I am running a campaign to station the National Guard at all the grammar schools in my local area. Terrorists from Chechnya proved that our children are vulnerable to attack. On a fateful day last summer, they took hundreds of Russian children hostage, and a good number of the kids eventually died in the siege.
Hence, my campaign is not irrational. It involves positioning heavily armed soldiers at all entrances to our schools. I am also proposing a biometric security scan - fingerprint or retina ID will do - to screen all parents on file.
Of course I am not serious. But it is instructive to push boundaries in order to appreciate the balance that we must strike between security and paranoia. Terrorism is a real threat globally. It is not simply a manufactured bogeyman of the Bush administration, however much Bush & Co. aim to manipulate for their own political agenda the fears that terrorism evokes.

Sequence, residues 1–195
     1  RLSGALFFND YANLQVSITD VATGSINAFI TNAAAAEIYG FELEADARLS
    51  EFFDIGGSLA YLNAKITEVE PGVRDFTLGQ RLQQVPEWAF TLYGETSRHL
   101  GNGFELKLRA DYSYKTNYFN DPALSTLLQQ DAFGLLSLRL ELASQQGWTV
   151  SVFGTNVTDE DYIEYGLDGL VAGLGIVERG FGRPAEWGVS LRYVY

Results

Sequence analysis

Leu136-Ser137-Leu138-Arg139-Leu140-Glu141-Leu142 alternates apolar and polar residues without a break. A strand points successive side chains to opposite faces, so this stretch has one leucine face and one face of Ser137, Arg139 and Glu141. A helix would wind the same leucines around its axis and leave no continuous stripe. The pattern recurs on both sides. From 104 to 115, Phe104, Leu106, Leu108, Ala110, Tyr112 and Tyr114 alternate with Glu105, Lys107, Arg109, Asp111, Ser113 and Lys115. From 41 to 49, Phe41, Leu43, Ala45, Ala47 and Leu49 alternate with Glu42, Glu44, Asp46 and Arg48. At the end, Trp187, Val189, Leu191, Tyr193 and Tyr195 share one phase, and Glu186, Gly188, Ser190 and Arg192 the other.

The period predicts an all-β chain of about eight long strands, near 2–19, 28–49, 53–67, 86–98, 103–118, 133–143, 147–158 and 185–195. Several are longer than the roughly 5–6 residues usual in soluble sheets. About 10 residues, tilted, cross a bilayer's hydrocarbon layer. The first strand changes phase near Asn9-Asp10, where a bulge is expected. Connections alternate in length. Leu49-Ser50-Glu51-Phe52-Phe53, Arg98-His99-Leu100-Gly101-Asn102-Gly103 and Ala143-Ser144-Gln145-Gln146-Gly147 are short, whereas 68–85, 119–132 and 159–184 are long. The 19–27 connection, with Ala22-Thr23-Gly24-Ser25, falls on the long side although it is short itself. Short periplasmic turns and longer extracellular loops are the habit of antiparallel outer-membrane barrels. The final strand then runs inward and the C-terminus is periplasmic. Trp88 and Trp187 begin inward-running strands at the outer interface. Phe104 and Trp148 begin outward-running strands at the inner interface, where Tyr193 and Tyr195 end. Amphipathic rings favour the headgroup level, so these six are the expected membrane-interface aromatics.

For that reason, we need to engage in a meaningful civic debate about what reasonable security measures would look like. On the other side of that coin, we ought to determine what civil rights and social routines we are unwilling to sacrifice regardless of increased vulnerability to acts of terror. For example, militarizing our schools, as above, offers maximum security, but it also shifts us toward an abnormal social life that most of us would deem unacceptable.
DONALD RUMSFELD must have received his training on civil liberties at the School of the Americas. The Pentagon chief is happy to push the boundaries, and he means it for real. In a late-2004 summit of the hemisphere's defense ministers, held in Quito, Ecuador, Rumsfeld opened his own campaign to reverse nearly two decades of democratic reform in Latin America. Though the summit went largely unreported in the U.S. media, we may look back at it in years to come as a significant political watershed for the region.